Study: Most people spread dangerous bacteria at home without realizing it

A  USDA study finds that most people do not properly wash their hands while cooking at home nearly 97 percent of the time.
Caption
A USDA study finds that most people do not properly wash their hands while cooking at home nearly 97 percent of the time.

Credit: laterjay, Pixabay https://pixabay.com/en/service/terms/#usage

Credit: laterjay, Pixabay https://pixabay.com/en/service/terms/#usage

Most people fail to properly wash their hands 97 percent of the time when they're cooking at home, according to a new study from the U.S. Department of Agriculture.

“As a mother of three young children, I am very familiar with the mad dash families go through to put dinner on the table,” said Carmen Rottenberg, acting deputy under secretary for food safety at the USDA. “You can’t see, smell or feel bacteria. By simply washing your hands properly, you can protect your family and prevent that bacteria from contaminating your food and key areas in your kitchen.”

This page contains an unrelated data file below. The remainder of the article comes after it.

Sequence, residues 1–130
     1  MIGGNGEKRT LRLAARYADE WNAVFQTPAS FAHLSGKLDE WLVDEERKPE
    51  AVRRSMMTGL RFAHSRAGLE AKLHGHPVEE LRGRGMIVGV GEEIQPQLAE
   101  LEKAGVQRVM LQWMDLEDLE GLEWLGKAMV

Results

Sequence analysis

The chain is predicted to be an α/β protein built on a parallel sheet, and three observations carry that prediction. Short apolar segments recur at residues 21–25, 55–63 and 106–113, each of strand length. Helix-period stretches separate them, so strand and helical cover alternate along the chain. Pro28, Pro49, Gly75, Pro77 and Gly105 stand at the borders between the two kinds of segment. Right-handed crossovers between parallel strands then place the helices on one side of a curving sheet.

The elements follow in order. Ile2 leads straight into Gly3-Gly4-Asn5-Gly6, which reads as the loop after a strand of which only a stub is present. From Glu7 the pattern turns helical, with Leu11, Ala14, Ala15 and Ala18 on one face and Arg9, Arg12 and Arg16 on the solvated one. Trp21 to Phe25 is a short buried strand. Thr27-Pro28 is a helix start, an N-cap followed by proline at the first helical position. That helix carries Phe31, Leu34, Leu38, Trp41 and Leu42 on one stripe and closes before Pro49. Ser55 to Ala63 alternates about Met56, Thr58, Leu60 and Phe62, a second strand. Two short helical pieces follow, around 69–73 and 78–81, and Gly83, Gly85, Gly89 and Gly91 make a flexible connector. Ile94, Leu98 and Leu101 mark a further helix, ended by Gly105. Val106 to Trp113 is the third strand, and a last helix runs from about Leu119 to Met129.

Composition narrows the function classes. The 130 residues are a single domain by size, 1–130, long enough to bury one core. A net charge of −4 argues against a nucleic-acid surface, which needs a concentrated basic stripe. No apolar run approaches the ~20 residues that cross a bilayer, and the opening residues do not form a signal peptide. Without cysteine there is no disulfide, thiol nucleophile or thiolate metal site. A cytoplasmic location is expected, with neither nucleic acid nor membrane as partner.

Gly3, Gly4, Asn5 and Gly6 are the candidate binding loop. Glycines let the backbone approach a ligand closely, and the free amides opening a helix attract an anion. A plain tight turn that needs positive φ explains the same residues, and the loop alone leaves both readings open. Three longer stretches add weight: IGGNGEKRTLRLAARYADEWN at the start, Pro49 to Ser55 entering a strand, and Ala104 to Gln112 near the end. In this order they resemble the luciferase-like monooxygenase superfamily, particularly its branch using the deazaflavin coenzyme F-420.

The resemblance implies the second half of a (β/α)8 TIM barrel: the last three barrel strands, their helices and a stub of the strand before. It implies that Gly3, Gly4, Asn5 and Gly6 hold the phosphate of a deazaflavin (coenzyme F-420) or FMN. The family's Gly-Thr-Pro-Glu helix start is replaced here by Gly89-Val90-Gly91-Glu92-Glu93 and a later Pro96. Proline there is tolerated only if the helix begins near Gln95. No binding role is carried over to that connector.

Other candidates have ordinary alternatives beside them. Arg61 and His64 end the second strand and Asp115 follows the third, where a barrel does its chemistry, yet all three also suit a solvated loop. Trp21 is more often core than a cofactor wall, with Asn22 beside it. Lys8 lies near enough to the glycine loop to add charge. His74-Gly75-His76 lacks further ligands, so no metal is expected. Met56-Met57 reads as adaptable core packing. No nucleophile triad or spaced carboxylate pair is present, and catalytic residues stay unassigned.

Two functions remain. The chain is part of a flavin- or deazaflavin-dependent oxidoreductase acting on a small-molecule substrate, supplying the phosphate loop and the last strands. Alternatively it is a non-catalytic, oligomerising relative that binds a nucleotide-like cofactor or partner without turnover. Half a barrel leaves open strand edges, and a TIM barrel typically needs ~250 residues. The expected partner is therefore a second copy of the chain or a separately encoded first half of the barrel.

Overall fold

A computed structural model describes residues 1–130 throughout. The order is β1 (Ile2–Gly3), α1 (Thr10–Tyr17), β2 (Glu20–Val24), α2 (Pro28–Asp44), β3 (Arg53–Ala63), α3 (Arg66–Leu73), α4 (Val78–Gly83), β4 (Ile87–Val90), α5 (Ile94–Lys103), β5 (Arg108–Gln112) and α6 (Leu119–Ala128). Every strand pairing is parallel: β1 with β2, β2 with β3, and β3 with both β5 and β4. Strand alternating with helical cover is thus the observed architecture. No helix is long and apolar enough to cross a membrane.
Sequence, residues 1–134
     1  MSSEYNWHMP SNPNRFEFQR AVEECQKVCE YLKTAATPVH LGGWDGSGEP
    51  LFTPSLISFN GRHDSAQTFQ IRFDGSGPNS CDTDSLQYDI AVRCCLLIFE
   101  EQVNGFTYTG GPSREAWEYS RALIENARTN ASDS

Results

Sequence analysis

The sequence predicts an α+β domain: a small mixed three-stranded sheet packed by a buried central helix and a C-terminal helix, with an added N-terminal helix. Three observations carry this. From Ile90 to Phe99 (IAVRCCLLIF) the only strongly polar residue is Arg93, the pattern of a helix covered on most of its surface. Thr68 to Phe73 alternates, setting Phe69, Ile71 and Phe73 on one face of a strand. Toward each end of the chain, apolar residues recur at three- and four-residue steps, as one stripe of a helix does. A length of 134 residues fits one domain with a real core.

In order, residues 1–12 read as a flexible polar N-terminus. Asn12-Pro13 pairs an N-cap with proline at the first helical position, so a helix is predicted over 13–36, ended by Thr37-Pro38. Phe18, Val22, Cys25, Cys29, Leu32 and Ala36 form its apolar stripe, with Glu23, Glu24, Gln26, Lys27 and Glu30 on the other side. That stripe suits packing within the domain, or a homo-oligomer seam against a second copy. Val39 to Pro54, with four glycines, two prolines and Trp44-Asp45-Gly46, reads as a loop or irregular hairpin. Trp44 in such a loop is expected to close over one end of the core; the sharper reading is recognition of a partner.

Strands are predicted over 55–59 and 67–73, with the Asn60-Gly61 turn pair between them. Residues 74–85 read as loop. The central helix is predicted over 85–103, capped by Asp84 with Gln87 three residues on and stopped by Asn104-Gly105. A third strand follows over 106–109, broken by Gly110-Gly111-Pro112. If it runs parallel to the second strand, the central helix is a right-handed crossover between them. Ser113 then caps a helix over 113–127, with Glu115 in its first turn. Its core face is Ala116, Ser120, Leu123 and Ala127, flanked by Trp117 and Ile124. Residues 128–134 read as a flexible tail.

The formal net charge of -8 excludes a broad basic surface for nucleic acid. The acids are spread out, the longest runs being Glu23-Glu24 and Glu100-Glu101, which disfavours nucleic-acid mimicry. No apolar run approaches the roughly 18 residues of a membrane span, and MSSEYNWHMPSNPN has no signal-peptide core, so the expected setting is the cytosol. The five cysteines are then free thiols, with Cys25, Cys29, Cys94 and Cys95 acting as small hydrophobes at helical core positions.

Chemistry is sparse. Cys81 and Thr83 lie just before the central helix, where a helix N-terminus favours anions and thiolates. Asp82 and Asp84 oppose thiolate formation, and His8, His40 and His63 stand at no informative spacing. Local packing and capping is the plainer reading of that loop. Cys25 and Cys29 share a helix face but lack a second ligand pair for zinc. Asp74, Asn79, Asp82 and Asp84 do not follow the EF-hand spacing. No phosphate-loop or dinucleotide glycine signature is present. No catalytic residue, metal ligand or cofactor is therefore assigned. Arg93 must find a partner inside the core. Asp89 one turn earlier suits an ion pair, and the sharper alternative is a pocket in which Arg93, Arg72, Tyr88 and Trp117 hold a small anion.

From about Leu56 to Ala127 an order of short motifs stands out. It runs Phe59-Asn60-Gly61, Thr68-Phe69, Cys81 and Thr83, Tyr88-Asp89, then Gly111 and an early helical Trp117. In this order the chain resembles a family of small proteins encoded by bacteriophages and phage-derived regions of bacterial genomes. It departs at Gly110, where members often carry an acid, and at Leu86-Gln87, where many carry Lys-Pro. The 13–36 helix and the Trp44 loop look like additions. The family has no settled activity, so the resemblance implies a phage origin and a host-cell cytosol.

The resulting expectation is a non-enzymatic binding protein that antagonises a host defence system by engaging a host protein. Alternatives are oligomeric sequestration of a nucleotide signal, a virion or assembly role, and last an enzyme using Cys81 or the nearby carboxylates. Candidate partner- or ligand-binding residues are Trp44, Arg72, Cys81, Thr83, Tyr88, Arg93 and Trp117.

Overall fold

Most participants did not wash their hands at home for the necessary 20 seconds and most did not use a clean towel to dry their hands, researchers from the USDA, RTI International and North Carolina State University found.

When it comes to cooking and preparing food, only 34 percent used a food thermometer to check meat temperature. Out of those who did, nearly half still did not cook the food to a safe temperature.

Spice containers are one of the most contaminated items in a kitchen, researchers said.

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Bacteria from raw poultry can spread quickly to refrigerator handles and other foods.

Roughly 48 million Americans get sick from foodborne illness every year, resulting in over 128,000 hospitalizations and 3,000 deaths, according to the U.S. Centers for Disease Control and Prevention.

Children, older adults and those with compromised immune systems are especially at risk.

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